One of the major premises is that parents must first gain self-control, self-awareness, and self-discipline, then they can teach those same skills to their children.  Clearly, I needed a refresher on the tenets of self-control.  Over the next few days, I read, watched video clips, and generally refreshed myself with the skills of acceptance and assertiveness.  I remembered that my goal in discipline is to teach my children to make good choices, rather than force them to concede to my will.  Also, when conflict arises, it’s an opportunity to teach, rather than a difficultly to suppress.


One of Dr. Bailey’s comments really hit home.  She explained that our perception of a situation dictates our emotional state, and our emotional state then dictates our behavior.  Of course!  Teo’s recent struggles struck me as something that I, as his mother, needed to fix.  Clearly, if I said or did just the right thing, I could control his emotions and therefore his behavior.

When I stopped and considered another alternative, I realized my error.  He didn’t need to be fixed.  I needed to accept that he didn’t feel like playing soccer that day.  He was still recovering from a cold and overly tired from school and life.  He needed me to empathize with his state and help reflect back what he was experiencing so he could become more self- aware and grow.  He needed natural consequences to his choices, such as leaving soccer practice if he claimed not to feel well, instead of letting him stay so he could join the scrimmage after the drills (as he’d done the previous two weeks!).

It took me a couple days (and some timely feedback from my loving husband) to untangle my emotions from the situation, so I could help Teo manage his feelings.

Heading into soccer practice on Wednesday, I had reached a level of acceptance and decided I’d do what I could, as his mom, to help set Teo up for success.  Then, if he chose not to participate, we’d leave and he’d miss the fun of the scrimmage.  I wouldn’t lecture or express any dissatisfaction with his choice, I’d just matter-of-factly bring him home.  My plan was to pick up some protein bars at the store and get the kids early so he could have a snack and be prepared for practice.  Instead, my car battery died at the supermarket and I had to wait for AAA to come jump the car and Dennis to get home, so I could pick up the kids.  Instead of being frazzled and stressed at this set back, I took it in stride.  Oh, thank you Lord for all the lessons in acceptance!


In the end, he had a great practice – played hard and had a lot of fun!  Then, he had a great game on Saturday and scored a goal.  I loved watching him and his teammates play!  Many of the boys were on our T-Ball team, so it’s super fun to cheer for them all.  After the game, I told Teo: “I love watching you play soccer!”

“Really?” he asked.

“Yes!  I love you and I love sports.  You put them together and it’s like my heart is going to explode, it’s so fun!”

He smiled.  “I love you too, Mom.”

This whole situation reminded me and Dennis of many truths.  We want our children to know they are loved unconditionally and don’t need to earn our affections through their behavior.  We also want to teach them that they have free will to make choices, and there will be consequences to their choices.  They will have all sorts of emotions, and they are all acceptable.  Our job as parents is to teach, guide, and help them to manage their feelings and take responsibility for their behavior.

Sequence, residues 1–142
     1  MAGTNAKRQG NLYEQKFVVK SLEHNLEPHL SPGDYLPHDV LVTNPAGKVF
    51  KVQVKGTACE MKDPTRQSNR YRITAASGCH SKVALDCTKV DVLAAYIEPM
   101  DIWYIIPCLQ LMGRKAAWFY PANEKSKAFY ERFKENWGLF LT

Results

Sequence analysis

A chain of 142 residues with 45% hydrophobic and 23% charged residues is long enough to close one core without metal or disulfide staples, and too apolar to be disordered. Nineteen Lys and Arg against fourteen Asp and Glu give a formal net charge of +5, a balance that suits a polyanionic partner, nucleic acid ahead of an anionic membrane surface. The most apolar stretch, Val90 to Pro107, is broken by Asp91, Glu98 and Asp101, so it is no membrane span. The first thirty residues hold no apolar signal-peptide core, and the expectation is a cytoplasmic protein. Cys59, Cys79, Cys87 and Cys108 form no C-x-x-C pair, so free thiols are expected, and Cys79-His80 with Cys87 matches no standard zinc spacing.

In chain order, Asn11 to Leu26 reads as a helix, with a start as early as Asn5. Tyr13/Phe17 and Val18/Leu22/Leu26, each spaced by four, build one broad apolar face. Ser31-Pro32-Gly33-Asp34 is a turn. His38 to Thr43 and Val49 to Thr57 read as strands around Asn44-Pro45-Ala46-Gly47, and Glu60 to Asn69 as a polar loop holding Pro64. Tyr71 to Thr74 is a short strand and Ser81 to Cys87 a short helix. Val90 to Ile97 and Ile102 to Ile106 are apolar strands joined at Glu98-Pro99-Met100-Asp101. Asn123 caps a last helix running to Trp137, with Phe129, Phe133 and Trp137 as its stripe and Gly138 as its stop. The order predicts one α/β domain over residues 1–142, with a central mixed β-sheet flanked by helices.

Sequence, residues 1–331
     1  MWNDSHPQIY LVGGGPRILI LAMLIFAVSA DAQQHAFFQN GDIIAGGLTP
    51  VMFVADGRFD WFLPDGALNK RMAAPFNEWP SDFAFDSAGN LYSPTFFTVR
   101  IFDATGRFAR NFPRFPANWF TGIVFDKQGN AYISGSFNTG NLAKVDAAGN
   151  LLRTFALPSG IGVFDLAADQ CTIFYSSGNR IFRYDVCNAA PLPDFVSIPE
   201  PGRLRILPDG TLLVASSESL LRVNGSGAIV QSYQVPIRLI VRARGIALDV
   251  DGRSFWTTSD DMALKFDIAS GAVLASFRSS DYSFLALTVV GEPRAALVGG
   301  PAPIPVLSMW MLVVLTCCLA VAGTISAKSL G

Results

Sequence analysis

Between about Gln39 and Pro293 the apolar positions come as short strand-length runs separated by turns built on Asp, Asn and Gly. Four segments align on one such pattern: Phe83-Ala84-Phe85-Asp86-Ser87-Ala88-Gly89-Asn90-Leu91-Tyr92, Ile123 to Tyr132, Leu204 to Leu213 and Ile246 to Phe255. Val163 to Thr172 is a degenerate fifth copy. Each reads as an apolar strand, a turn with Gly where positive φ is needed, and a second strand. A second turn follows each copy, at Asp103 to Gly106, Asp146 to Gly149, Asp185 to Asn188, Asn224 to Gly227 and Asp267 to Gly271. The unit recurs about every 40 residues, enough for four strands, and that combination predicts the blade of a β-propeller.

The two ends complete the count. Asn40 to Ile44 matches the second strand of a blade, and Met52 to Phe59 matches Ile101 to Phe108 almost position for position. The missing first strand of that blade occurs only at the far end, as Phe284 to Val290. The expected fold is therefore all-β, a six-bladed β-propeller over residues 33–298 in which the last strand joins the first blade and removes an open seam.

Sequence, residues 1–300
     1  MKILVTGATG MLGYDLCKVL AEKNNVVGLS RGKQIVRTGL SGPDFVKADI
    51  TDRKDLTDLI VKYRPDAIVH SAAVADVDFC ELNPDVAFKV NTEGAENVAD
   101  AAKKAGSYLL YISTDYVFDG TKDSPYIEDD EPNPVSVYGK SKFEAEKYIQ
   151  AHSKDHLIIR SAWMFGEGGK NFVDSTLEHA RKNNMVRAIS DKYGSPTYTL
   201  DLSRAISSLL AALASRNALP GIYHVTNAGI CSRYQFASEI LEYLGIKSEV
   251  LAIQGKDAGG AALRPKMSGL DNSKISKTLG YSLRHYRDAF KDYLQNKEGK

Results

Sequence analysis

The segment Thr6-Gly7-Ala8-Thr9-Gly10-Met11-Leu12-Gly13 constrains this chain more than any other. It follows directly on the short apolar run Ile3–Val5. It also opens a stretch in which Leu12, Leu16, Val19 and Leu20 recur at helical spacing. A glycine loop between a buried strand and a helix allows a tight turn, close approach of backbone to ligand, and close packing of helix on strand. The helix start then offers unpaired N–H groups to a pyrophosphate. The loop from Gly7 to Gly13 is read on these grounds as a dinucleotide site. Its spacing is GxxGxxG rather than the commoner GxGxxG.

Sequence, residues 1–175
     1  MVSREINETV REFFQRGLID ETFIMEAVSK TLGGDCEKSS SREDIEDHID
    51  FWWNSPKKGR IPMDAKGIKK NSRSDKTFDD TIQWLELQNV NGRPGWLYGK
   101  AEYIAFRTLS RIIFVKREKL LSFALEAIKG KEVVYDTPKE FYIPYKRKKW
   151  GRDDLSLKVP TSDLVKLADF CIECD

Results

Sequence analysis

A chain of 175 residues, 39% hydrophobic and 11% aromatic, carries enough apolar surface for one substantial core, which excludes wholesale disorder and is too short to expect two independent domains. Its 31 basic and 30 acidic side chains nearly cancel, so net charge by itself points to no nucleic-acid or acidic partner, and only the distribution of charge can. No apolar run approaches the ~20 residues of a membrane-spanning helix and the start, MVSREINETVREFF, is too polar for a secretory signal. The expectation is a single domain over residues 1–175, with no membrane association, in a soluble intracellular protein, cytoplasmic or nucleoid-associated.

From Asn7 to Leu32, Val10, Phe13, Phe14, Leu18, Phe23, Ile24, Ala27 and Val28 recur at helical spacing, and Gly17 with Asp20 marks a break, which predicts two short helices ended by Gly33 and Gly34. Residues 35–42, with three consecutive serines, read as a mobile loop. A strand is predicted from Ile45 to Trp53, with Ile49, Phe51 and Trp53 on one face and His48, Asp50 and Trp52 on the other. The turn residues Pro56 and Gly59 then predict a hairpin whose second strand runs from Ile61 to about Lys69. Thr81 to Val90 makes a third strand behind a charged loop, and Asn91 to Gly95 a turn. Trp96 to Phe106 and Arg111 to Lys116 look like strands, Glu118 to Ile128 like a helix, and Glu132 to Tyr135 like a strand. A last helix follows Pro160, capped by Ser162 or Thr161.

As parents, we have to discipline ourselves and exhibit self-control when the world doesn’t go the way we think it should.  For that matter, we need to reflect upon the fact that we may not know how things “should” go in the first place.

So many lessons – for the kids and the parents!

It’s Beginning to Look A lot Like…



Oh, how I love Fall! It’s by far my favorite season.

I love the coziness and slight chill in the air.  Though, in San Diego that means highs in the 70s instead of the 80s and 90s, but whatever, it’s cooler!

Bates Nut Farm 026I love when football begins, so we can cheer on the Dolphins and enjoy our Sunday routine of church, followed by brunch at home in front of the game.  So much fun!

I love our annual trip to the pumpkin patch at Bates Nut Farm!  I’m used to checking the weather and praying for cozy coolness for several days ahead of time.  Hot weather kind of kills the boot and scarf and sweater outfit I always want to wear.

I love the autumn wreath that we always hang on our front door.

Oct-Nov 2012 021

I love the fall flavors and making pies.  For several years, the annual pie auction at our church preschool was a highlight of the season.  I don’t mind telling you that I was really disappointed when this event was cancelled last year.  Still, fond memories of making my Whiskey Chocolate Pecan Pie and the fun of having folks bid against each other for it!

I love making pumpkin pancakes, which are delightfully easy to make paleo for me.  With some toasted pecans and a drizzle of real maple syrup.  Delicious!

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I love Thanksgiving and the traditions of the day.  We start with the Macy’s Thanksgiving Day Parade with breakfast.  I’ll cook most of the day, while football is viewed and perhaps tossed around in the backyard, then we’ll feast in the late afternoon.  Finally, we watch Home Alone while eating our pumpkin pie.  It’s the best, but it’ll be hard to top last year, when my sister and her family came to visit!  That was truly the best.

I love going up to Julian during the fall. It’s this quaint, old mining town in the mountains east of San Diego.  We try to make it up each year for apple picking. This year just Dennis and I are going up there to celebrate our wedding anniversary!  We’ve always wanted to spend the night in Julian.  So, we’re taking this opportunity to spend one night and then hang out all day on our anniversary, which is a Monday this year.  It’ll be fun to explore the town with less of a crowd!

November 2012 029I love wearing boots and scarves.  I have a ridiculous number of scarves for someone who lives in San Diego.  So, daily scarf wearing in the fall helps justify the closet space they take up!